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Brazilian ironclad Silvado

The Brazilian ironclad Silvado was originally ordered by Paraguay in 1864 with the name Nemesis, but was sold to Brazil when Paraguay could not make the final payments. She participated in the 1864–70 War of the Triple Alliance between Brazil, Argentina and Uruguay against Paraguay.

Class overview
Name: Silvado class
Operators:  Imperial Brazilian Navy
Preceded by: Brasil
Succeeded by: Barroso
Built: 1864–1866
In commission: 1866–1880
Completed: 1
Scrapped: 1
History
Empire of Brazil
Name: Silvado
Namesake: Captain Americo Brasilio Silvado
Builder: Arman Brothers, Bordeaux
Laid down: 1864
Launched: 1865
Completed: 15 September 1866
Struck: 3 June 1880
General characteristics
Type: Ironclad turret ship
Displacement: 1,350 metric tons (1,330 long tons)
Length: 66 m (216 ft 6 in) (p.p.)
Beam: 11.6 m (38 ft 1 in)
Draft: 3.9 m (13 ft)
Installed power: 950 ihp (710 kW)
Propulsion: 2 shafts, 2 trunk steam engines
Sail plan: Barque-rigged
Speed: 10 knots (19 km/h; 12 mph)
Complement: 170 officers and men
Armament: 2 × twin 70-pounder Whitworth rifled muzzle loader guns
Armor:

Contents

Design and descriptionEdit

Silvado was 216 feet 6 inches (66.0 m) long between perpendiculars, had a beam of 45 feet 10 inches (14.0 m) and a maximum draft of 7 feet 6 inches (2.3 m). Lima Barros displaced 1,350 long tons (1,370 t) and was fitted with a ram bow. Her crew consisted of 170 officers and enlisted men.[1] The ship had a pair of horizontal trunk steam engines, each driving one propeller shaft. The engines produced a total of 950 indicated horsepower (710 kW) and gave Silvado a maximum speed of 10 knots (19 km/h; 12 mph). She was barque-rigged with three pole masts and a bowsprit.[2]

Lima Barros was armed with four 70-pounder Whitworth rifled, muzzle-loading guns mounted in two twin-gun turrets. She had a complete waterline belt of wrought iron that ranged in thickness from 4.5 inches (114 mm) amidships to 3 inches (76 mm) at the ends of the ship. The gun turret was also protected by 4.5 inches of armor.[1]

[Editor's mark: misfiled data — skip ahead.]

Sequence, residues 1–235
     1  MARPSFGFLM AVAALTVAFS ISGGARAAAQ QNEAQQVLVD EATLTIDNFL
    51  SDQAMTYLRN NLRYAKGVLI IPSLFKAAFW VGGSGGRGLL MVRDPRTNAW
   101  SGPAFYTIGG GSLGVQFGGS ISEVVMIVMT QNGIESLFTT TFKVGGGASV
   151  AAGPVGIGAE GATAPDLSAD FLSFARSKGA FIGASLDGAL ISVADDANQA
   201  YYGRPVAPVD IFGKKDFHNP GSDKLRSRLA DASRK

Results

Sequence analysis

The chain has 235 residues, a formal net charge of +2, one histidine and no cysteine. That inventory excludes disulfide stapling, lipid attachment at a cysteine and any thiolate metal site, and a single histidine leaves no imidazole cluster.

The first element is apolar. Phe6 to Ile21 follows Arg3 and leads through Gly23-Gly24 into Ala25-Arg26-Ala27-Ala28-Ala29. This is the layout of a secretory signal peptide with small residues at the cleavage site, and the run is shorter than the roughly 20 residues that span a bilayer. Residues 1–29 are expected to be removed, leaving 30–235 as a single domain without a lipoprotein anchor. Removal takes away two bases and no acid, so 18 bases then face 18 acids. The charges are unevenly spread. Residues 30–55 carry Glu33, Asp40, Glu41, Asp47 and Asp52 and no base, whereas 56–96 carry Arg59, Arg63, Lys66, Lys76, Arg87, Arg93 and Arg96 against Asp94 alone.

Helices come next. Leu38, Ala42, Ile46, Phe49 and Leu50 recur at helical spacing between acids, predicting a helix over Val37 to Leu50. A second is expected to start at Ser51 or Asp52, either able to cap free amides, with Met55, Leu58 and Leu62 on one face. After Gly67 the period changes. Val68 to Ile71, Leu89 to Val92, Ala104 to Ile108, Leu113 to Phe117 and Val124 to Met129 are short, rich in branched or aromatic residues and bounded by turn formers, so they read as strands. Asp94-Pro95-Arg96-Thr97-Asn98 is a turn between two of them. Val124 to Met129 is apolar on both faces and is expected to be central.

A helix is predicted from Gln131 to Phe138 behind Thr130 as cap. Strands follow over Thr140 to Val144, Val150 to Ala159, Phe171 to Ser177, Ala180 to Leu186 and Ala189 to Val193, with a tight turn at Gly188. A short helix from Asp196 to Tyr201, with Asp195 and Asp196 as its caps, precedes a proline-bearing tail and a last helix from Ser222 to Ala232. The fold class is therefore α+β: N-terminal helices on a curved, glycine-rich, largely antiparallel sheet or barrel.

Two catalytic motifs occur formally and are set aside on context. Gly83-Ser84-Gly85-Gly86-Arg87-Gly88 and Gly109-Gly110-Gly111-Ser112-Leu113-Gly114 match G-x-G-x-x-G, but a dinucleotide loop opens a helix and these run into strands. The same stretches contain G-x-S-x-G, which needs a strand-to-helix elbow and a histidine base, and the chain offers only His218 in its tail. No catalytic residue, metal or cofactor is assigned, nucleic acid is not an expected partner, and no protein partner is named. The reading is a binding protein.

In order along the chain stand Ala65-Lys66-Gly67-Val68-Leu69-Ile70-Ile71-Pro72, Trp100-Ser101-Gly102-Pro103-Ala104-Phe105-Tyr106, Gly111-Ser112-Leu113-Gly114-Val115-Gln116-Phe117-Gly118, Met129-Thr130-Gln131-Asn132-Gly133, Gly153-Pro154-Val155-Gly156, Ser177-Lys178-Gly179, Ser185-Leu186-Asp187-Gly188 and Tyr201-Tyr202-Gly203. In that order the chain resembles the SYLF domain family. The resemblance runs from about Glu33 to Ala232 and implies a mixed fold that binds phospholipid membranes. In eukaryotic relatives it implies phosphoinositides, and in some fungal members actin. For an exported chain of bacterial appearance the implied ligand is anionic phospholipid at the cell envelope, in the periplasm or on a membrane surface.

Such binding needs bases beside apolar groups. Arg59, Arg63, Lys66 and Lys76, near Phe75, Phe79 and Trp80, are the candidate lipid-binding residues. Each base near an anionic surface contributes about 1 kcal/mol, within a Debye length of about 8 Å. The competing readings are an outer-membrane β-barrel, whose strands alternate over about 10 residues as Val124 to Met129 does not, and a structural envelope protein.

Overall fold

Construction and serviceEdit

Silvado, named after Captain Americo Brasilio Silvado, who was killed when his ship, the ironclad Rio de Janeiro, struck a mine and sank, was originally ordered by Paraguay from the French shipbuilding firm of Arman Brothers, and was laid down in 1864 with the name of Nemesis at their Bordeaux shipyard. She was purchased by Brazil the following year, after the start of the war when Paraguay was cut off from the outside world and could no longer make payments. The ship was launched in 1865 and completed on 15 September 1866.[3]

FootnotesEdit

  1. ^ a b Silverstone, p. 33
  2. ^ Gardiner, p. 406
  3. ^ Silverstone, p. 39

ReferencesEdit

  • Gardiner, Robert, ed. (1979). Conway's All the World's Fighting Ships 1860–1905. Greenwich: Conway Maritime Press. ISBN 0-8317-0302-4.
  • Gratz, George A. (1999). "The Brazilian Imperial Navy Ironclads, 1865–1874". In Preston, Antony. Warship 1999–2000. London: Conway Maritime Press. ISBN 0-85177-724-4.
  • Holley, Alexander Lyman (1865). A Treatise on Ordnance and Armor. New York: D. Van Nostrand.
  • Silverstone, Paul H. (1984). Directory of the World's Capital Ships. New York: Hippocrene Books. ISBN 0-88254-979-0.

External linksEdit